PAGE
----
Fruit Quality of Grafted Bitter Melon with Different Sponge Gourd Rootstocks Stored Under Evaporative Cooling Conditions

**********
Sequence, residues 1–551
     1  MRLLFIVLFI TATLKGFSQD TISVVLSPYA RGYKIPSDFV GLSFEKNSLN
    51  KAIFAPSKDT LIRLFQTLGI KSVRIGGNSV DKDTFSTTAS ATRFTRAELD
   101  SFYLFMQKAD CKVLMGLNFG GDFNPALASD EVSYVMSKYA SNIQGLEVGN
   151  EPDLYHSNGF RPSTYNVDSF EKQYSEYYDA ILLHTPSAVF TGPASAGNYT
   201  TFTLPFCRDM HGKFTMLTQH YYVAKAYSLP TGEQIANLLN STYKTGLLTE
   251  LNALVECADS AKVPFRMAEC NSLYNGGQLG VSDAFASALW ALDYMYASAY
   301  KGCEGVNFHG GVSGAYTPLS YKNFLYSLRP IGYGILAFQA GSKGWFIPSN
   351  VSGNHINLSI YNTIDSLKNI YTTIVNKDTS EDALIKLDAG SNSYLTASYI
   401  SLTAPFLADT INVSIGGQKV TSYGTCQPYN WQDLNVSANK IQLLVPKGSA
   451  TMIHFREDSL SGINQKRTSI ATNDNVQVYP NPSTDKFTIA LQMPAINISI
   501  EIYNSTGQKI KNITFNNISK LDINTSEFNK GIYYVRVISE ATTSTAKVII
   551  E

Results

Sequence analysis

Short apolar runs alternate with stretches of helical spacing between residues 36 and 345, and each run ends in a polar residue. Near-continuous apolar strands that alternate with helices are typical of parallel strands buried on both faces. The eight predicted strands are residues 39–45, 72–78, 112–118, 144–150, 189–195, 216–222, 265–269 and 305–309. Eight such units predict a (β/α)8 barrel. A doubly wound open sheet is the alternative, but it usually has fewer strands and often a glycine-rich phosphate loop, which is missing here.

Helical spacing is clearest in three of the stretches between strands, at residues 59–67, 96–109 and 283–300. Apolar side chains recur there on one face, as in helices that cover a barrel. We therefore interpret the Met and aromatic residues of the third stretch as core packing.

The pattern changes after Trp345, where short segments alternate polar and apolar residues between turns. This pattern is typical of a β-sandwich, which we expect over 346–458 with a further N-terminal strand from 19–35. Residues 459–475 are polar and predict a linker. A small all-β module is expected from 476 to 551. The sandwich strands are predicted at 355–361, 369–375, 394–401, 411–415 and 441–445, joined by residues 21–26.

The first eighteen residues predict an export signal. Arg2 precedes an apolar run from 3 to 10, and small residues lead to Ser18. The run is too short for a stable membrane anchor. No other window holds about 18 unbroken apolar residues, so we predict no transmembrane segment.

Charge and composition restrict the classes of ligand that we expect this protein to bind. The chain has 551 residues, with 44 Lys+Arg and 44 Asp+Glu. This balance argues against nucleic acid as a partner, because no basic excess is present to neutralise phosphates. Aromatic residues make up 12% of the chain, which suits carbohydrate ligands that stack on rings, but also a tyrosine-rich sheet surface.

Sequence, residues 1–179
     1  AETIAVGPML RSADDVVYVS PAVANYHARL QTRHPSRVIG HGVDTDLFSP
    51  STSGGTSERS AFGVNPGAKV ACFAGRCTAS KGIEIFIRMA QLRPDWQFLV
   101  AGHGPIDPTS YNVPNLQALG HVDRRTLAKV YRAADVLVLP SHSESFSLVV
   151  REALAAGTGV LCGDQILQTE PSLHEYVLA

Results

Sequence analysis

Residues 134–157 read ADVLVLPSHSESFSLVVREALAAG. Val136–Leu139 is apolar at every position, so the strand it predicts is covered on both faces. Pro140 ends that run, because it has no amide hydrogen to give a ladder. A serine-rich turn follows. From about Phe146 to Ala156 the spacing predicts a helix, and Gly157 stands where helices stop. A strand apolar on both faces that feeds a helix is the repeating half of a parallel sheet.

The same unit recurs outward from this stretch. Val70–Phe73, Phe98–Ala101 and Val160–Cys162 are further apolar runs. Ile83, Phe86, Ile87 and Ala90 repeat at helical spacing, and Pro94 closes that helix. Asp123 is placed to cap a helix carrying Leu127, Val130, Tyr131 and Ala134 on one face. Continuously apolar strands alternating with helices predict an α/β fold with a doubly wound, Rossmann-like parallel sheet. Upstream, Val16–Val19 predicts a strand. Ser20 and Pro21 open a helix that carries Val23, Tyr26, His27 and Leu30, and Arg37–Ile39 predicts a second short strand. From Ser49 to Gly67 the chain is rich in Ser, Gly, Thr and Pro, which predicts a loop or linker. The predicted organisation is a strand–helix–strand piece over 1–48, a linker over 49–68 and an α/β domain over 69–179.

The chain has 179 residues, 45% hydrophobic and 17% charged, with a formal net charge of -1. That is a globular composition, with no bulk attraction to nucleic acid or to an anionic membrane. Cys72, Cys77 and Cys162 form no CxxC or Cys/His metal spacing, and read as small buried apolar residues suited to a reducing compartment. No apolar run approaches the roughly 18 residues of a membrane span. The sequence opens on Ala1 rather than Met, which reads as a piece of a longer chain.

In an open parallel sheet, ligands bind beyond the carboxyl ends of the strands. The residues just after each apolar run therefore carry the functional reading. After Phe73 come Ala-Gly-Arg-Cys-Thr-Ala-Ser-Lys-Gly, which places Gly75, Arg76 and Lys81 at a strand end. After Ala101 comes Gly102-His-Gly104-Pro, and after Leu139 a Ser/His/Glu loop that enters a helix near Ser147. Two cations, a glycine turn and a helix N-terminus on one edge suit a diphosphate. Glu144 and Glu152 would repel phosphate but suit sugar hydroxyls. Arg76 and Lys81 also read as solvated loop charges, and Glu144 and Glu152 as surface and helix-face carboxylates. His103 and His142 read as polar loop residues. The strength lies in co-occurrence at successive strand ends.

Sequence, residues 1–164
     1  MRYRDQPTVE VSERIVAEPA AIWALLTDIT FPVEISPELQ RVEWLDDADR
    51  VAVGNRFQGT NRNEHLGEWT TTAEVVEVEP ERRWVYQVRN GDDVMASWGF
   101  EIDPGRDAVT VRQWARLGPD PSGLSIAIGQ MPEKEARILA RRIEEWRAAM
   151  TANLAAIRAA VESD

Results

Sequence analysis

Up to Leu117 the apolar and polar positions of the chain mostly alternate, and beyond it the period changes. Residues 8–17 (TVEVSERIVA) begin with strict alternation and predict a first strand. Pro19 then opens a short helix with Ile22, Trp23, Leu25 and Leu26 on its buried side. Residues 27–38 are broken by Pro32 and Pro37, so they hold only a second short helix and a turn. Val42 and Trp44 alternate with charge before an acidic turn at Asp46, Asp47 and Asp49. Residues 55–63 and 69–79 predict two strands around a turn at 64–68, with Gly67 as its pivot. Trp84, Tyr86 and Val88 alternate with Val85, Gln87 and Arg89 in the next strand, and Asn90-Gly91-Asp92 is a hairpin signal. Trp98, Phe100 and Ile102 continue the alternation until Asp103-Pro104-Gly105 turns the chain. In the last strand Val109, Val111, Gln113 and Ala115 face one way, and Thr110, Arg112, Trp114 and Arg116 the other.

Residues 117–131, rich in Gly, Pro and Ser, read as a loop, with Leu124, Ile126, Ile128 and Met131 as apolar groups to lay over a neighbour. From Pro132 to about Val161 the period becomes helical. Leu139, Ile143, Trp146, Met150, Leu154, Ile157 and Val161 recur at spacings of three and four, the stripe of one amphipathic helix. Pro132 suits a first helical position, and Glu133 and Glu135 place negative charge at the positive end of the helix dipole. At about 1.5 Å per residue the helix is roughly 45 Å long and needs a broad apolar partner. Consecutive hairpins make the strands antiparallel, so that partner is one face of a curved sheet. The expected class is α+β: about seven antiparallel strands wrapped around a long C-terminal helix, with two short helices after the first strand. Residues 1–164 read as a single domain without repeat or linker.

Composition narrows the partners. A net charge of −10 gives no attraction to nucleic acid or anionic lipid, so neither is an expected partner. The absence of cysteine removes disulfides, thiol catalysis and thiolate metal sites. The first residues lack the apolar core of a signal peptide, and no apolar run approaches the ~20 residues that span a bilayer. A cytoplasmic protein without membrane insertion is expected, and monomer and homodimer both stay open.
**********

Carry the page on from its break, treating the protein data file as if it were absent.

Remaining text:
Evaporative cooling helps maintain quality of produce over a longer period of time. This condition slows metabolic processes and inhibits undesirable changes in quality due to biotic and abiotic factors. The study determined the fruit quality of bitter melon (Momordica charantia L.) grafted with sponge gourd (Luffa cylindrica L.) held at evaporative cooling condition (25–27 °C) with a relative humidity ranging from 85% to 96%. Bitter melon var. Galaxy was grafted to different sponge gourd rootstocks before establishment and regular maintenance in the field. Hybrid sponge gourd var. Mutya, open-pollinated variety (var. Esmeralda), and Bureau of Plant Industry bacterial wilt–resistant sponge gourd (BPI BW-resistant var.) were utilized as rootstocks. Nongrafted bitter melon served as the control. Commercially mature fruit samples were then harvested and brought to the laboratory for quality assessment and monitoring. A completely randomized design was used and treatments were replicated thrice. Results revealed that nongrafted bitter melon samples had higher weight loss and lower visual quality rating compared to the grafted sample fruits. Disease incidence and color change were also higher for the nongrafted bitter melon compared to the grafted bitter melon sample fruits suggesting reduced bacterial wilt activity resulting to better quality after storage. Bitter melon grafted into hybrid sponge gourd rootstock (var. Mutya) revealed the longest shelf life of 6 days. The shelf lives of OPV var. Esmeralda (5.57 days) and BPI BW-resistant var. (5.43 days) were comparable with hybrid sponge gourd var. Mutya. However, hybrid sponge gourd var. Mutya had significantly longer shelf life compared to the nongrafted bitter melon (4.33 days). The results could greatly contribute to addressing food security issues, which are often encountered during production.